Sounds like 'METH-iyl-DOW-pa'

Key points about methyldopa

  • Methyldopa is used to treat high blood pressure (hypertension) especially treat high blood pressure in pregnancy.
  • Methyldopa works by widening blood vessels so that blood passes through them more easily.
  • Find out how to take it safely and possible side effects.
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In Aotearoa New Zealand methyldopa is available as 250 mg tablets.

  • The usual starting dose of methyldopa is 250 mg two or three times a day.
  • Your doctor may increase your dose if needed, depending on your blood pressure.
  • Always take your methyldopa exactly as your doctor has told you. The pharmacy label on your medicine will tell you how much methyldopa to take, how often to take it, and any special instructions.

  • Swallow your methyldopa tablets with a glass of water. You can take your methyldopa tablets with or without food.
  • Timing:
    • Take your methyldopa doses at the same times each day.
    • It is a good idea to start methyldopa or any new dose increase in the evening to reduce the chance of side effects. Also, if your doses of methyldopa are not equal, take the larger dose at bedtime.
  • Alcohol: If you drink alcohol, ask your doctor for advice about taking methyldopa and alcohol. Alcohol may increase your chance of side effects such as dizziness, by adding to the blood pressure lowering effect of methyldopa.
  • Missed dose: If you forget your dose, take it as soon as you remember that day. But, if it is nearly time for your next dose, just take the next dose at the right time. Do not take double the dose.
  • Take regularly: Continue to take methyldopa every day, even if you feel well. Do not stop taking methyldopa suddenly as this can cause a sudden increase in your blood pressure. Speak to your doctor or nurse before stopping.

Here are some things to know when you're taking methyldopa. Other things may be important as well, so ask your healthcare provider what you should know about.

Methyldopa can interact with some medications. These include anti-inflammatories such as diclofenac (e.g. Voltaren Rapid), ibuprofen (e.g. Nurofen) or naproxen (e.g. Naprogesic). 

Methyldopa can also interact with some herbal supplements and rongoā Māori, so check with your doctor or pharmacist before starting any new products. 

Like all medicines, methyldopa can cause unwanted side effects, although not everyone gets them. Often unwanted side effects improve as your body gets used to the new medicine.

Side effects What should I do?
  • Tiredness
  • Feeling sleepy or drowsy
  • These are quite common when you first start taking methyldopa.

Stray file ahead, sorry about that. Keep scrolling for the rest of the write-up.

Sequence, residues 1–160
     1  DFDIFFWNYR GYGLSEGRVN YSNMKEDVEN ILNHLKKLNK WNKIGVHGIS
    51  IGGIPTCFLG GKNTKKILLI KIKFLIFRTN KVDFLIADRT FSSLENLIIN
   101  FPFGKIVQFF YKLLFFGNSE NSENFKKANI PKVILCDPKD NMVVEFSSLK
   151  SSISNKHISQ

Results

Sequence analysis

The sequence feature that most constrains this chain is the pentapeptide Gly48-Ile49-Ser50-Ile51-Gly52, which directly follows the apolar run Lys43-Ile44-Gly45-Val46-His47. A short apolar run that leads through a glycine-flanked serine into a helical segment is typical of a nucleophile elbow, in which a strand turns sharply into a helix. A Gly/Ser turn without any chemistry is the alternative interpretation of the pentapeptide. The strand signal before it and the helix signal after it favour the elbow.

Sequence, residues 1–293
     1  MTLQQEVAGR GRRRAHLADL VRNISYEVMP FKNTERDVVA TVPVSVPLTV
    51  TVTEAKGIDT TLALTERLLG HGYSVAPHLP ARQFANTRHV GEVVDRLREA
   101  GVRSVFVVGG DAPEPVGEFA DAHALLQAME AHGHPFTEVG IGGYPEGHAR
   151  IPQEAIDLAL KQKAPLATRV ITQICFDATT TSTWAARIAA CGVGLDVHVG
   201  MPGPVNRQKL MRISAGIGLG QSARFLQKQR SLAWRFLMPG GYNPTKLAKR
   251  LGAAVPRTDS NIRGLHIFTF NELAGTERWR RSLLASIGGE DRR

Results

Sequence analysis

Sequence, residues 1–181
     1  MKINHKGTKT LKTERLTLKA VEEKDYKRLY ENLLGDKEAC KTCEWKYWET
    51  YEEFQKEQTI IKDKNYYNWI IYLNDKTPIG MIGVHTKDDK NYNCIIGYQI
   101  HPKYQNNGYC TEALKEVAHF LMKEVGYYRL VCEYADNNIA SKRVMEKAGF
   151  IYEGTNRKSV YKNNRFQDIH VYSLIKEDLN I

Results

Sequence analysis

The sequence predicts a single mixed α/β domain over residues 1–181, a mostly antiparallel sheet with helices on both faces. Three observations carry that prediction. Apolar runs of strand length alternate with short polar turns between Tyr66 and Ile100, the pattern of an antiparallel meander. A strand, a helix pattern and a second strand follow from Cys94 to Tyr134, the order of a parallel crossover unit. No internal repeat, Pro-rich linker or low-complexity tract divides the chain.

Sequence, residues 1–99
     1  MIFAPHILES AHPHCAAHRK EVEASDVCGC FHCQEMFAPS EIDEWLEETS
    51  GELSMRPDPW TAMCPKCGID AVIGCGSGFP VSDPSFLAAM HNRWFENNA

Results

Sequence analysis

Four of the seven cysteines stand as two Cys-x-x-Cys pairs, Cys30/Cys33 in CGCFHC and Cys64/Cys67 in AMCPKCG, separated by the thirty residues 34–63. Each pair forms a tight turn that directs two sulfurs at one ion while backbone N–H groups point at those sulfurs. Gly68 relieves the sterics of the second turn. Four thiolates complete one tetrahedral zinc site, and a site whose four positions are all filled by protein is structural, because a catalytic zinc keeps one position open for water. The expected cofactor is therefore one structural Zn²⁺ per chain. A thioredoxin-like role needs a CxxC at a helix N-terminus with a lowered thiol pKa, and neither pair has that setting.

• Try to start methyldopa or any new dose increase in the evening to reduce the chance of side effects. Also, if  your doses of methyldopa are not equal, take the larger dose at bedtime.
  • Do not drive or use tools or machines until you know how this medicine affects you.
  • Do not drink alcohol.
  • Tell your doctor if troublesome.
  • Dizziness
  • Feeling faint when you stand up
  • This is common when you first start taking methyldopa.
  • Be careful when getting up from either lying down or sitting to avoid falls. Get up slowly.
  • Tell your doctor if troublesome.
  • Headache
  • Swelling feet or ankles
  • Dry mouth
  • Tell your doctor if troublesome
  • Signs of problems with your liver such as yellowing of the skin or eyes, dark urine, pain in the tummy (abdomen)
  • Tell your doctor immediately or ring HealthLine 0800 611 116
For more information on side effects, see the consumer information leaflet Methyldopa Mylan Tablet(external link) 

Did you know that you can report a medicine side effect to the Centre for Adverse Reactions Monitoring (CARM)? Report a side effect to a product(external link).

The following links provide further information on finasteride. Be aware that websites from other countries may contain information that differs from Aotearoa New Zealand recommendations.

Methyldopa Mylan Tablet(external link) Medsafe Consumer Information Sheet, NZ
Methyldopa(external link) NZ Formulary
Methyldopa(external link) Best use of medicines in pregnancy (BUMPS), UK


Pre-eclampsia and high blood pressure during pregnancy(external link)(external link) RANZCOG, Australia, 2017
Managing high blood pressure(external link)(external link) Heart Foundation, NZ, 2019
5 questions to ask about your medications(external link) Health Quality and Safety Commission, NZ, 2019 English(external link), te reo Māori(external link)


Methyldopa(external link) NZ Formulary 
Methyldopa Mylan(external link) Medsafe, NZ
Hypertension in pregnancy(external link) NZ Formulary 
Diagnosis and Treatment of Hypertension and Pre-eclampsia in Pregnancy in New Zealand Ministry of Health, October 2022

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Credits: Sandra Ponen, Pharmacist, Healthify He Puna Waiora. Healthify is brought to you by Health Navigator Charitable Trust.

Reviewed by: Maya Patel, Pharmacist

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